- The Home Builders Federation (HBF) is the principal representative body for private sector home builders and voice of the home building industry in England and Wales. HBF member firms account for some 80% of all new homes built in England and Wales in any one year, and include companies of all sizes, ranging from multi-national, household names through regionally based businesses to small local companies: www.hbf.co.uk
- Launched in 2018, The Land Promoters & Developers Federation (LPDF) supports the government policy on housing and planning, preferring a plan-led system that recognises housing needs and supports local authorities in allocating land for development and identifying the need for delivering the key infrastructure required for well-designed new homes and communities.
Land promoters and developers work with local authorities and communities to win local consensus for developments through good design and both on site and off site benefits. Overwhelmingly, most promoters’ schemes that secure planning consent are approved at a local level, with 94% of units on schemes of over 100 units being approved by councils, not by way of appeal.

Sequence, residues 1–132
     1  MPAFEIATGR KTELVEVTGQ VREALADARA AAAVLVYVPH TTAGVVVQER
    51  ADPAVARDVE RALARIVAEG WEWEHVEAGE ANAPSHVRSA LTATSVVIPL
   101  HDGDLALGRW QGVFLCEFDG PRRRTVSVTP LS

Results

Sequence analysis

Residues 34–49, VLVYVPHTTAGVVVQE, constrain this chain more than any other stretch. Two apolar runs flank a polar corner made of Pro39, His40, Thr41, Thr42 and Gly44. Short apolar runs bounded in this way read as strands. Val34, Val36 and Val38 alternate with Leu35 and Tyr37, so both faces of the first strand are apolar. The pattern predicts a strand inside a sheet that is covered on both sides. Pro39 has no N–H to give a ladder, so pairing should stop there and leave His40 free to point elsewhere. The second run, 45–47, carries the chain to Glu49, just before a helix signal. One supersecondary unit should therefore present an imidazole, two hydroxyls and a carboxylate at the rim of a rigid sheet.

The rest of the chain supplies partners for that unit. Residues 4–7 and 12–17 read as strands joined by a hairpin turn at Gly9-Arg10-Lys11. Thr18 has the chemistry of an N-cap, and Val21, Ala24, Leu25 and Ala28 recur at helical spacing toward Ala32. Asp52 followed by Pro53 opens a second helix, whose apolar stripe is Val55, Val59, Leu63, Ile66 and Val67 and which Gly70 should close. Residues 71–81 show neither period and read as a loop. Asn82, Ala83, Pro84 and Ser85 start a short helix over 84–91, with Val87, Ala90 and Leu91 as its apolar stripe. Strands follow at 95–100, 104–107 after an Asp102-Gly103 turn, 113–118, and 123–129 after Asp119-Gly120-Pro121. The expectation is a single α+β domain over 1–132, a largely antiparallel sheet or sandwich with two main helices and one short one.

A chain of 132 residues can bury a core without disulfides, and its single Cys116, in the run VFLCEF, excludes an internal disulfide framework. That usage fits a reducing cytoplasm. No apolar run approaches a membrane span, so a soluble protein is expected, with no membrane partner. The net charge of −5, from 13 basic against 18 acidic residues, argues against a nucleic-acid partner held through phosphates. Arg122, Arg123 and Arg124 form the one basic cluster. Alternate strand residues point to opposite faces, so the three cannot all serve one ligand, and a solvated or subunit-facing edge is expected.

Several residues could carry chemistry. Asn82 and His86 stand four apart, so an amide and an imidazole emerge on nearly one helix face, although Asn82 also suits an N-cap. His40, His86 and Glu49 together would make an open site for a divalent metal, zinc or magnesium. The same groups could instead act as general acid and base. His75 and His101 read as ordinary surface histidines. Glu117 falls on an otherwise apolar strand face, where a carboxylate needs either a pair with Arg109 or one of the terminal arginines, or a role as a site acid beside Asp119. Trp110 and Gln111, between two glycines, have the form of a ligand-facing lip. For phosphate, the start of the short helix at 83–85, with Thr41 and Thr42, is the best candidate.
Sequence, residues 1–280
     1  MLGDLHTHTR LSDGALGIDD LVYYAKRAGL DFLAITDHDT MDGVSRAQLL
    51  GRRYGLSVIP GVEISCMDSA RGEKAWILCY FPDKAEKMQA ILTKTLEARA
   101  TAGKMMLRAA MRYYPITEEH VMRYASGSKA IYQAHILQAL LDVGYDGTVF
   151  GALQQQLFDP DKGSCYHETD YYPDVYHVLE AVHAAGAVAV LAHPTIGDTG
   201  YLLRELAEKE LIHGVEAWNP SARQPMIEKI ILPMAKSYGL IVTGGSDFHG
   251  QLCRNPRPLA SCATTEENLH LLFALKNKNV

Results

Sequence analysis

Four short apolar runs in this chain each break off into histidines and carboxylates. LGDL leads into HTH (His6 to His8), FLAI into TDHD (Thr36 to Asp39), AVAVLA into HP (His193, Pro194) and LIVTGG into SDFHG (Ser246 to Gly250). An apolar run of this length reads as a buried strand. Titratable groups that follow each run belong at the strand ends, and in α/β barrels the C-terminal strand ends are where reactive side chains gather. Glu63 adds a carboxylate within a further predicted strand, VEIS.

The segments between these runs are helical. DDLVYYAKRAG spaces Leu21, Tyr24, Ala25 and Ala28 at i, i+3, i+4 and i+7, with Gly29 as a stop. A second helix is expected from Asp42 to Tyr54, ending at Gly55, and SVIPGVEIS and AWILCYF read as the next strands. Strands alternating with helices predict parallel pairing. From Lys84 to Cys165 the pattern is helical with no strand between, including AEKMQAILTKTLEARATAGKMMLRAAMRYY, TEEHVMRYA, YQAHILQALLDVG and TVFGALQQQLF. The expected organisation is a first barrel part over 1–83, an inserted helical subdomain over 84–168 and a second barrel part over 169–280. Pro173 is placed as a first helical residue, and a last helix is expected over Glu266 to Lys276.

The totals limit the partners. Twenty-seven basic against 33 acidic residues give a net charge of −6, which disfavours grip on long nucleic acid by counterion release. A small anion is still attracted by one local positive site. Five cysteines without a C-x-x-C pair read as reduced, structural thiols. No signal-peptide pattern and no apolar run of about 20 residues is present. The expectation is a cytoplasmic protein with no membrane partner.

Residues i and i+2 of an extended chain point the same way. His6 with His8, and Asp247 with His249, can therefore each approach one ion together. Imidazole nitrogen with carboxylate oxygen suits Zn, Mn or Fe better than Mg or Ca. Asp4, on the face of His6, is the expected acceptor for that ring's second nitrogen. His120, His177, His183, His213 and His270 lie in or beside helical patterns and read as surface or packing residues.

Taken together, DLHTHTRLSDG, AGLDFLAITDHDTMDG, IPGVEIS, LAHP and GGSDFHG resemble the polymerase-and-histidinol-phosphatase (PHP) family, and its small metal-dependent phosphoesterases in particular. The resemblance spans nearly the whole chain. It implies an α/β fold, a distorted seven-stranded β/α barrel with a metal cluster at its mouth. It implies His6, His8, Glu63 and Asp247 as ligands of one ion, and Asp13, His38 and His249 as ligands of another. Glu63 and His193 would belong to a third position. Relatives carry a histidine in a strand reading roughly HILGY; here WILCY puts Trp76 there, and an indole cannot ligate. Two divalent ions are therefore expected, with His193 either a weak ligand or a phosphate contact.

The Federation aims to:
- Dispel the myths and misconceptions of the role of land promoters and developers in housing delivery
- Enhance the debate on housing supply and be part of the process for finding solutions to solve the housing crisis
- Engage with interested parties including local and national government, housebuilders, charities, local residents and other stakeholders.
Find out more about the LPDF at www.lpdf.co.uk
- Lichfields, the trading name of Nathaniel Lichfield & Partners Ltd, is the pre-eminent planning and
development consultancy in the UK. It has been at the forefront of planning, development and economic consultancy since the company was founded in 1962. It has ofﬁces in Birmingham, Bristol, Cardiff, Edinburgh, Leeds, London, Manchester, Newcastle and Thames Valley.
It was set up in 1962 by highly-decorated town planner Nathaniel Lichfield and is now owned by its staff through an employee benefit trust. It has annual revenues of over £20m and employs over 200 people across its offices.
Lichfields was the RTPI Planning Consultancy of the Year, in 2012, 2013 & 2014, making it the first consultancy to achieve this feat. It is one of the largest independent planning consultancies in the UK.
It offers a broad range of planning services including economics, heritage, sustainability, and GIS. Its clients include local authorities and government bodies, as well as developers, landowners and operators in the housing, retail, leisure, commercial, waste and recycling and infrastructure sectors.